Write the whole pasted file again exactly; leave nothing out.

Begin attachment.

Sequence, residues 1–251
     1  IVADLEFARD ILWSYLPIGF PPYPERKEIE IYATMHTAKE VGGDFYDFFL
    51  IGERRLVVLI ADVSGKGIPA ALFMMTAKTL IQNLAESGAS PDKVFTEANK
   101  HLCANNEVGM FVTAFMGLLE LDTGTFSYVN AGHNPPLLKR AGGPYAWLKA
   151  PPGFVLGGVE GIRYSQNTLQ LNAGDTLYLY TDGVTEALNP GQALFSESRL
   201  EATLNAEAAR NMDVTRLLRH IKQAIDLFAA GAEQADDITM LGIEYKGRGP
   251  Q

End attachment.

Sequence, residues 1–251
     1  IVADLEFARD ILWSYLPIGF PPYPERKEIE IYATMHTAKE VGGDFYDFFL
    51  IGERRLVVLI ADVSGKGIPA ALFMMTAKTL IQNLAESGAS PDKVFTEANK
   101  HLCANNEVGM FVTAFMGLLE LDTGTFSYVN AGHNPPLLKR AGGPYAWLKA
   151  PPGFVLGGVE GIRYSQNTLQ LNAGDTLYLY TDGVTEALNP GQALFSESRL
   201  EATLNAEAAR NMDVTRLLRH IKQAIDLFAA GAEQADDITM LGIEYKGRGP
   251  Q